Top UN court stops short of ordering cease-fire in Gaza

Judges in The Hague have partially granted provisional measures requested against Israel by South Africa. The court ordered Israel to do more to protect civilians but did not demand a halt to military operations in Gaza.
Top UN court stops short of ordering cease-fire in Gaza
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The International Court of Justice (ICJ) in the Netherlands, on Friday, January 26, ruled on South Africa's request for "provisional measures" against Israel amid claims of state-led genocide. Court President Joan Donoghue said the court was extremely worried by the loss of life in the Gaza Strip.

"The court is acutely aware of the extent of the human tragedy that is unfolding in the region and is deeply concerned about the continuing loss of life and human suffering," she said. The judge said that, in the court's view, at least some of Israel's actions in Gaza brought forward by South Africa fell within the provisions of the UN's Genocide Convention.

Donoghue said the court could not "accede to Israel's request that the case be removed from the general list." The judge said the court ordered Israel to take all measures within its power to prevent genocide and the incitement of genocide. She also ordered Israel to report to the court on all measures to give effect to the court's orders within a month.

What was the court asked to decide?

The Hague-based court was asked to rule on nine measures, including an order compelling Israel to suspend its military operations in Gaza.

The ruling did not deal with South Africa's core accusation in the case as to whether Israel is committing genocide in the Palestinian enclave. Instead, the measures sought by South Africa were intended to "protect against further... harm to the rights of the Palestinian people" under the Genocide Convention.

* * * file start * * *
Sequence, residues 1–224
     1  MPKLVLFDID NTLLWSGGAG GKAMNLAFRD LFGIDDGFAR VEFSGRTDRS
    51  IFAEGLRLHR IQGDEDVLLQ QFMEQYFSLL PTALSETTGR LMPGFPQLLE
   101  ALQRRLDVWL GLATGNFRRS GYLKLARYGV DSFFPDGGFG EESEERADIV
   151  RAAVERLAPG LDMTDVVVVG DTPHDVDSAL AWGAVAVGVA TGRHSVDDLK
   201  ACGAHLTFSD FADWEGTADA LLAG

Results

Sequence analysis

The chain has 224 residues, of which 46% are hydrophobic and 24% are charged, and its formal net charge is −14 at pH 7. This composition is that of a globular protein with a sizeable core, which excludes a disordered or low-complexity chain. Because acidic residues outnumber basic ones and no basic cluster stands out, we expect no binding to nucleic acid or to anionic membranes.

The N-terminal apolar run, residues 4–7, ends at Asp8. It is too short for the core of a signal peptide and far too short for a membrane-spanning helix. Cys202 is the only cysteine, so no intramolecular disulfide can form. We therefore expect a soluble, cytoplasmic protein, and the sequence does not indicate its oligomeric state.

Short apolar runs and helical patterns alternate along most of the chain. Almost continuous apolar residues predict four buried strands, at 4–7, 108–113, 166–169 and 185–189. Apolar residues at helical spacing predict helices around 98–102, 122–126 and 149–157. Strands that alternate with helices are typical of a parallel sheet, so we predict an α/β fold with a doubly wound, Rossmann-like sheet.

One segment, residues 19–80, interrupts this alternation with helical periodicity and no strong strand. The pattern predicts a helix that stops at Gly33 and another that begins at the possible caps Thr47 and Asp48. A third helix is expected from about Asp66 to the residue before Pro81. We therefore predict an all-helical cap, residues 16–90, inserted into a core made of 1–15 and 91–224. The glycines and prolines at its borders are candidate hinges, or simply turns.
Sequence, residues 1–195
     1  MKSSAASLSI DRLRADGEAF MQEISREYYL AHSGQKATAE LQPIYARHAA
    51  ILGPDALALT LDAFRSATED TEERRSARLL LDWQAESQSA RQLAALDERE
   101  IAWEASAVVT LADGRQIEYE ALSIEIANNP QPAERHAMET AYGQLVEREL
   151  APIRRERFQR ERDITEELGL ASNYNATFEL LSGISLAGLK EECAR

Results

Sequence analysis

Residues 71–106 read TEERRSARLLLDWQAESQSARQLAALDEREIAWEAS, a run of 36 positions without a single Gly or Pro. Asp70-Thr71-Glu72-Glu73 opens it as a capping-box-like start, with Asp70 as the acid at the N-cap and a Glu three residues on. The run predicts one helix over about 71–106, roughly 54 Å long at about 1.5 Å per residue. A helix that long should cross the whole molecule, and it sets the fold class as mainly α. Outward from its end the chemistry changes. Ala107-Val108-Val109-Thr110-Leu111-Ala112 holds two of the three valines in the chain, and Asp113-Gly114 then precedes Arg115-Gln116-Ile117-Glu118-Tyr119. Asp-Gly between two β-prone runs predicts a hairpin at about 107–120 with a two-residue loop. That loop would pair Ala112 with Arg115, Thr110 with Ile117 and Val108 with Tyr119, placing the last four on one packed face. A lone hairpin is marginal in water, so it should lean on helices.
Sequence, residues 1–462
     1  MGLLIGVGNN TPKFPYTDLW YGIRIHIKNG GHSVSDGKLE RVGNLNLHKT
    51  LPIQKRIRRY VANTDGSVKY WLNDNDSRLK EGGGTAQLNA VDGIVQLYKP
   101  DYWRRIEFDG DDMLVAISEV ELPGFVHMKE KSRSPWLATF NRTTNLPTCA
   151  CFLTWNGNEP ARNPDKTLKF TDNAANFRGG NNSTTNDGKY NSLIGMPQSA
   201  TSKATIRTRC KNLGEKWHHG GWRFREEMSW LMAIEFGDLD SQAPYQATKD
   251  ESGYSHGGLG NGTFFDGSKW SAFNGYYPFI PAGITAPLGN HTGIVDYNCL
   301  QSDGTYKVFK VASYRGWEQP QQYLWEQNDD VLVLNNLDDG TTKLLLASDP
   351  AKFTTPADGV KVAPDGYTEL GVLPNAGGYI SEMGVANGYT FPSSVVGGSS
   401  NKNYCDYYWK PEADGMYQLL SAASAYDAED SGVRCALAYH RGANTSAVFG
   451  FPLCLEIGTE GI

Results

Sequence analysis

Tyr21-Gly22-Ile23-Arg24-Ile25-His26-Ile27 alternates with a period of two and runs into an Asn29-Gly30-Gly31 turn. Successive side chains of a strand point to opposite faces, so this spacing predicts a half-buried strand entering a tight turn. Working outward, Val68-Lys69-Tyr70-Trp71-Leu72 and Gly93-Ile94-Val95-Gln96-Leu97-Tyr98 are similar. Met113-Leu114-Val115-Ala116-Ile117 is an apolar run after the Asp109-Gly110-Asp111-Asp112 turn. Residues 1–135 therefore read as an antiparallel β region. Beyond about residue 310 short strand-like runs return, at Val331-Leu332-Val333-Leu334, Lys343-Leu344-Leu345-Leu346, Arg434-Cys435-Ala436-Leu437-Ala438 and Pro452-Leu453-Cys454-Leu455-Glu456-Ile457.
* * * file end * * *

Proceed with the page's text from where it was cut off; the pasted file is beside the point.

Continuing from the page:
The provisional measures requested by South Africa were essentially requests to be put in place before a final ruling on the main case, which could take years.

While the ICJ's rulings are binding on all parties, it has no mechanism to enforce them.

What South Africa says

South Africa has contended that Israel's actions have breached the United Nations Genocide Convention and that they were intended to "bring about the destruction of a substantial part of the Palestinian national, racial and ethnical group."

"The acts in question include killing Palestinians in Gaza, causing them serious bodily and mental harm, and inflicting on them conditions of life calculated to bring about their physical destruction," South Africa's writ says. "The acts are all attributable to Israel, which has failed to prevent genocide and is committing genocide in manifest violation of the Genocide Convention."

What Israel says

Israel's lawyer Tal Becker has dismissed the South African case as a "profoundly distorted factual and legal picture" and a "decontextualised and manipulative description of the reality." Becker showed the court images of the brutal Hamas terror attack of October 7 and said that "if there have been acts that may be characterized as genocidal, then they have been perpetrated against Israel."

The lawyer denied that Israel's operations were aimed Gaza's citizens. He said the army's aim was "not to destroy a people, but to protect a people, its people, who are under attack on multiple fronts."

Israel has vowed to annihilate the Islamist movement Hamas after the attacks that left about 1,140 people dead in Israel. The Israeli military has launched an offensive in Gaza that the Palestinian territory's Hamas-run health ministry says has killed at least 25,900 people.

Israel's strongest ally the United States has opposed South Africa's case, while some European Union members and Britain have refused to support it. The ICJ, also called the World Court, is the only international court that adjudicates general disputes between nations.

(This article has been republished with permission from The original article can be read here.)

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